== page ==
Through the Eyes of a Connoisseur
L'ÉCOLE, School of Jewelry Arts presented a selection of jewelry from Kazumi Arikawa’s prestigious collection.
The Japonismes season took place in France and celebrated the 160th anniversary of diplomatic relations between France and Japan. L'École des Arts Joailliers (School of Jewelry Arts), supported by Van Cleef & Arpels, presented a selection of jewelry from Kazumi Arikawa’s prestigious collection.
Combining refined taste and rigorous knowledge, the Arikawa collection was created with passion over the last thirty or so years. It is distinguished by extremely high-quality works of art, worthy of being featured in some of the greatest museums in the world. This dazzling collection includes exceptional jewels from the Art Nouveau era. The exhibition focused on precious creations, such as earrings, necklaces, pendants, rings, and bracelets created by the biggest names of the era: Lalique, Fouquet, Vever, etc.
All these pieces, created in Paris at the turn of the 20th century, bear witness to the influence of Japanese art on Art Nouveau jewelry creation, demonstrated by the asymmetrical curved line, the delicate reference to nature, and the unexpected use of chiaroscuro. Art Nouveau thus serves as a link between the two countries and the two cultures.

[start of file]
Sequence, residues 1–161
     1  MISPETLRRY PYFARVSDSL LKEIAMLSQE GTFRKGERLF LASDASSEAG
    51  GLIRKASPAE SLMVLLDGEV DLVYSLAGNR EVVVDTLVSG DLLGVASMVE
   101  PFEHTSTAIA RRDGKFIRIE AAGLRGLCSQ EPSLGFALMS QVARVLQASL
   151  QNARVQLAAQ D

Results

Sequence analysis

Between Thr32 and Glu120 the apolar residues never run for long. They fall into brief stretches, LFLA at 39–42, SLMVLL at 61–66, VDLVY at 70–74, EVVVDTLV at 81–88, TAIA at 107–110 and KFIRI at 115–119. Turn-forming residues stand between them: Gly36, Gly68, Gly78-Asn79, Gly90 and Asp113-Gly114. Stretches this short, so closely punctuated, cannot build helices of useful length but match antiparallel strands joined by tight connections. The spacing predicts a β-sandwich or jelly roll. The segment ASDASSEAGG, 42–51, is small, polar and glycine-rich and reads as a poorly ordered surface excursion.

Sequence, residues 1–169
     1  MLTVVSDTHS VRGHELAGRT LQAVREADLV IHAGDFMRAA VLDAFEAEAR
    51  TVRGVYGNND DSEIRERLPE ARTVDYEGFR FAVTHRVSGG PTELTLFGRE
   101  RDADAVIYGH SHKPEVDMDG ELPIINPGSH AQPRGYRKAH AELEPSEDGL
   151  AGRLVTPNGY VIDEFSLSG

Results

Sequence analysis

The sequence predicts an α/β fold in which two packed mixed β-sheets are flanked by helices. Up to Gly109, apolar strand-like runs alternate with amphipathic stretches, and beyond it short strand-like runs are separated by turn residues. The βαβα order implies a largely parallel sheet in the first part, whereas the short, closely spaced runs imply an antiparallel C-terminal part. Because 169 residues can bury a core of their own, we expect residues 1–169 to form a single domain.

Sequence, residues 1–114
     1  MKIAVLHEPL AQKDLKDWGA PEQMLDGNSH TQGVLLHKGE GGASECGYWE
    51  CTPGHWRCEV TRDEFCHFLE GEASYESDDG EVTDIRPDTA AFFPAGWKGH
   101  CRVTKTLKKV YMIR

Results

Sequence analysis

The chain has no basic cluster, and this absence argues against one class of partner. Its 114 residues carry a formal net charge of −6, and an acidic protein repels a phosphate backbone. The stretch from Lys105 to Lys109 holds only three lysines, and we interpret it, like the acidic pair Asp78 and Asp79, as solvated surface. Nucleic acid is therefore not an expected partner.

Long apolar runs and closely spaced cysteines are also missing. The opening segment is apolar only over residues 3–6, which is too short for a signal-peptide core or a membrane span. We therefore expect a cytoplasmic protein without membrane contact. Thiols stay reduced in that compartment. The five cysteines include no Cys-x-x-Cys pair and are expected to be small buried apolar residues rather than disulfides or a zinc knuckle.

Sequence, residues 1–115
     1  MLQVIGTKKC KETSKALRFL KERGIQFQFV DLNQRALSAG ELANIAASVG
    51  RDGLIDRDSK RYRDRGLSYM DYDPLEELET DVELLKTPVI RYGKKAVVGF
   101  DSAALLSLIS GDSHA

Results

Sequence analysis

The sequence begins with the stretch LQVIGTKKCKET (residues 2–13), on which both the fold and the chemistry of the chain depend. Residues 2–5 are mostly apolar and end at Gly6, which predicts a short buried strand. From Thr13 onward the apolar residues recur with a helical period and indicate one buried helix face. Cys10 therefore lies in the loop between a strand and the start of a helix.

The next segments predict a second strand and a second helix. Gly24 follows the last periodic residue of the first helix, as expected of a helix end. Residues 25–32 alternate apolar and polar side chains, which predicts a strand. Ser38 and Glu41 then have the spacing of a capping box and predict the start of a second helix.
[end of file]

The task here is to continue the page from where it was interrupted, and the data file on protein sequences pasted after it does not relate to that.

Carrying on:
It is exactly this fruitful dialogue that L’École des Arts Joailliers celebrates with the “Through the Eyes of a Connoisseur” exhibition. Established in 2012, L’École des Arts Joailliers aims to introduce the general public to the world of jewelry through courses, conferences, publications, and exhibitions. Located at Place Vendôme, the historic heart of jewelry in Paris, L'École regularly travels overseas to the US, Middle East, and Asia. It has already attracted more than 30,000 students worldwide through its various activities!
We hope that visitors to the Tokyo exhibition had find in these exceptional jewels “the hidden charm of Japanese art”, to quote the words of Samuel Bing, one of the first and ardent defenders of Art Nouveau at the end of the 19th century.